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File:Glina church massacre.jpg

Serbian civilians who are being forced to convert to Catholicism by the Ustaše regime stand in front of a baptismal font in a church in Glina

The Glina massacre was the August 1941 killing of hundreds of Serbs by members of the Croatian fascist Ustaše movement in the town of Glina in Croatia. It was one of the largest single acts of mass murder to occur in Yugoslavia during the Second World War.

The massacre took place a few months after the invasion of Yugoslavia by Nazi Germany. The Ustaše, led by Ante Pavelić, established a pro-Nazi government with Adolf Hitler's support shortly after the invasion, ruling an enlarged "Independent State of Croatia" that also incorporated all of Bosnia-Herzegovina and parts of Serbia. Pavelić adopted a violent racial policy towards Serbs that his minister Mile Budak summarised as "Kill a third, expel a third, convert a third".[1]

The new policy was put into effect almost immediately. In July 1941 some 500 Serbs from the Glina area of central Croatia were arrested and shot by Ustaše soldiers. Much of the Serb population went into hiding in the region's forests. The Ustaše responded by offering an amnesty if the Serbs would convert to Roman Catholicism. Many Serbs responded positively and turned up at the Serbian Orthodox church in Glina.[2] The exact numbers are disputed; the Nuremberg Trials heard that 250 had arrived at Glina for the ceremony,[2] while other sources put the figure as high as 1,200.[3]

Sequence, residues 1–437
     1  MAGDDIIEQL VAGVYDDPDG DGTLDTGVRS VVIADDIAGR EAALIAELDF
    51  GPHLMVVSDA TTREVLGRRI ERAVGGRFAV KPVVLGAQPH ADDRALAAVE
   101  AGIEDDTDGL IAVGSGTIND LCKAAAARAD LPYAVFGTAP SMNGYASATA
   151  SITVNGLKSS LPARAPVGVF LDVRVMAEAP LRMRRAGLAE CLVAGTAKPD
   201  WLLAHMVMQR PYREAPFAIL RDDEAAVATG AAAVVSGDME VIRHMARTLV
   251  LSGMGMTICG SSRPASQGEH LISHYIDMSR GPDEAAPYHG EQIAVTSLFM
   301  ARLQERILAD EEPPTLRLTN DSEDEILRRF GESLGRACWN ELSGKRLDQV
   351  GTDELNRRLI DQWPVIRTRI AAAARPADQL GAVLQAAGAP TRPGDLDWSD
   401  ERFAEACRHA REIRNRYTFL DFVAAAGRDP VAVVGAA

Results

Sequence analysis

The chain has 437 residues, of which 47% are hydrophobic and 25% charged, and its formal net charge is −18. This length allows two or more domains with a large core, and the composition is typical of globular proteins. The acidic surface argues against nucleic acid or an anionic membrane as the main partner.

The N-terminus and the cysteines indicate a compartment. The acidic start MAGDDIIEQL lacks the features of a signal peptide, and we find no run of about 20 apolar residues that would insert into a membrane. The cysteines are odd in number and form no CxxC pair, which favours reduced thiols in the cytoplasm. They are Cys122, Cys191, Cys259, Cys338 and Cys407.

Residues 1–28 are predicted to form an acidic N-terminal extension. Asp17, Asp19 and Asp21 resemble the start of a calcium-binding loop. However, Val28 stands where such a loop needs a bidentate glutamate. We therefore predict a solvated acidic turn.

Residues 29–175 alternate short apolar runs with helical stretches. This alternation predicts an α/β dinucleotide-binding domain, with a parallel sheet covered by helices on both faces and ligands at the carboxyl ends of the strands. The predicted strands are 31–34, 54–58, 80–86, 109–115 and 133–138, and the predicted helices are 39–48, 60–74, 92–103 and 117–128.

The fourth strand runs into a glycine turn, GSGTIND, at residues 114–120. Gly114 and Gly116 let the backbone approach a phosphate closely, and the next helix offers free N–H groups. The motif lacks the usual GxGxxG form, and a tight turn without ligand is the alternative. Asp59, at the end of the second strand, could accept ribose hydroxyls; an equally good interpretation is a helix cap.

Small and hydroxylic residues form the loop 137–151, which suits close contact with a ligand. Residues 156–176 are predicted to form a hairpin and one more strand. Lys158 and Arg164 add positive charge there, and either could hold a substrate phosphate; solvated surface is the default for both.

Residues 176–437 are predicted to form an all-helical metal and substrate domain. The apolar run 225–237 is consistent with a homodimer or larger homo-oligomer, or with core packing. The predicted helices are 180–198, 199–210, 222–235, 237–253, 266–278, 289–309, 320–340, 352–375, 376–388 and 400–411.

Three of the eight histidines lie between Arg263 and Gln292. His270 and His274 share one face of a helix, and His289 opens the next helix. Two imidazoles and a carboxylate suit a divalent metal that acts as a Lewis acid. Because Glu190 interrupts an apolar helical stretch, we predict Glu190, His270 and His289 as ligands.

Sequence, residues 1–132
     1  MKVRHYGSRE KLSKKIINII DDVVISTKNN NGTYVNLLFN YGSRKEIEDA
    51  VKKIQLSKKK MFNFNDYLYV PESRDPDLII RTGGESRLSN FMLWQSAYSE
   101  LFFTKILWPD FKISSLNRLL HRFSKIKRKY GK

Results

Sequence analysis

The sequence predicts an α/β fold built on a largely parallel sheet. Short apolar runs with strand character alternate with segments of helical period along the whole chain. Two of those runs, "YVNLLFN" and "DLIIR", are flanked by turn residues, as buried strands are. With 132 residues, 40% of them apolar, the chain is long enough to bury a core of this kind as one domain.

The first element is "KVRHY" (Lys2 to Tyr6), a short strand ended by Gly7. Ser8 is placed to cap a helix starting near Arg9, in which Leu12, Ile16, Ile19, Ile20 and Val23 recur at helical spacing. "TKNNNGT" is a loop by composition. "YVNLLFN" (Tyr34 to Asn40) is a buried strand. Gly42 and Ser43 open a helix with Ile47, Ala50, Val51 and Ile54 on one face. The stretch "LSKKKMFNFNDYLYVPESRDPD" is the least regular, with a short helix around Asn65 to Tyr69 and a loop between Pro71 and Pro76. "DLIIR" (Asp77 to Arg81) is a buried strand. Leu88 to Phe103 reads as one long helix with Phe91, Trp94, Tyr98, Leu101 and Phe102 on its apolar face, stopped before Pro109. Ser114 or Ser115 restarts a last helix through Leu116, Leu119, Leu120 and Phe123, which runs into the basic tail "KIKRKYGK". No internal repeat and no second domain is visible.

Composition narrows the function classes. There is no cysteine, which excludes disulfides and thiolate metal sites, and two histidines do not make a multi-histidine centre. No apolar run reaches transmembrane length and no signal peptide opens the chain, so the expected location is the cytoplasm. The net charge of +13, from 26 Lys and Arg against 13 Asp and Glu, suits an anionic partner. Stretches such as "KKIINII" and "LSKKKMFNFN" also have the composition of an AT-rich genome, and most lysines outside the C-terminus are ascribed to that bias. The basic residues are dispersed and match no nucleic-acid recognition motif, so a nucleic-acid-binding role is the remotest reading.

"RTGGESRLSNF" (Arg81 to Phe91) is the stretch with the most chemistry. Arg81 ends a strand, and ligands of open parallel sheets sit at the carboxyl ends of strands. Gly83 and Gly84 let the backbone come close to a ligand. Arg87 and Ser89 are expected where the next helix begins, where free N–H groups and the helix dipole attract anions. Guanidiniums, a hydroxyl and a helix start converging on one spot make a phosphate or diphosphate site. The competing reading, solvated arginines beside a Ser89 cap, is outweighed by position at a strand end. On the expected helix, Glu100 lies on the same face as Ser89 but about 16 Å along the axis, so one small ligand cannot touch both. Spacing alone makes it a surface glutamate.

The Serbs were herded into the church, the doors of which were locked shut after the last had entered. Croatian Ustaše members began to massacre the victims using clubs and knives. Only one of the victims, a Serb named Ljubo Jadnak, survived after playing dead and later described what had happened:

They started with one huge husky peasant who began singing an old historical heroic song of the Serbs. They put his head on the table and as he continued to sing they slit his throat and then the next squad moved in to smash his skull. I was paralyzed. "This is what you are getting" an Ustaša screamed. Ustaše surrounded us. There was absolutely no escape. Then the slaughter began. One group stabbed with knives, the other followed, smashing heads to make certain everyone was dead. Within a matter of minutes we stood in a lake of blood. Screams and wails, bodies dropping right and left.[4]

The bodies were taken by trucks to a huge burial pit, from where Jadnak was able to make his escape.[4] He survived the war and later testified against Cardinal Aloysius Stepinac in 1946 and the Ustaše government's Minister of the Interior, Andrija Artuković, in a 1986 trial in Croatia.[5] The church itself was destroyed by the Ustaše shortly after the massacre.[6]

See also

References

  1. Maya Shatzmiller, Islam and Bosnia: Conflict Resolution and Foreign Policy in Multi-Ethnic States, p. 11. McGill-Queen's Press, 2002. ISBN 0773524134
  2. 2.0 2.1 Misha Glenny, The Balkans, 1804-1999: Nationalism, War and the Great Powers, p. 500. Granta Books, 2000. ISBN 1862070733
  3. Tim Judah, The Serbs: History, Myth and the Destruction of Yugoslavia, p. 127. Yale University Press, 2000. ISBN 0300085079
  4. 4.0 4.1 Ličina, Đorđe. Dossier Artuković, p. 26. Centar za informacije i publicitet, Zageb, 1986. Cited in translation in Falk, Gerhard, Murder: An Analysis of Its Forms, Conditions and Causes, p. 67. McFarland, 1990. ISBN 0899504787
  5. "Ljuban Jednak: How I survived Ustasha hell", Blic, Belgrade. May 20, 1997
  6. Fred Singleton, A Short History of the Yugoslav Peoples, p. 177. Cambridge University Press, 1985. ISBN 0521274850

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ca:Massacre de Glina sr:Покољ у глинској цркви sh:Pokolj u glinskoj crkvi tr:Glina katliamı

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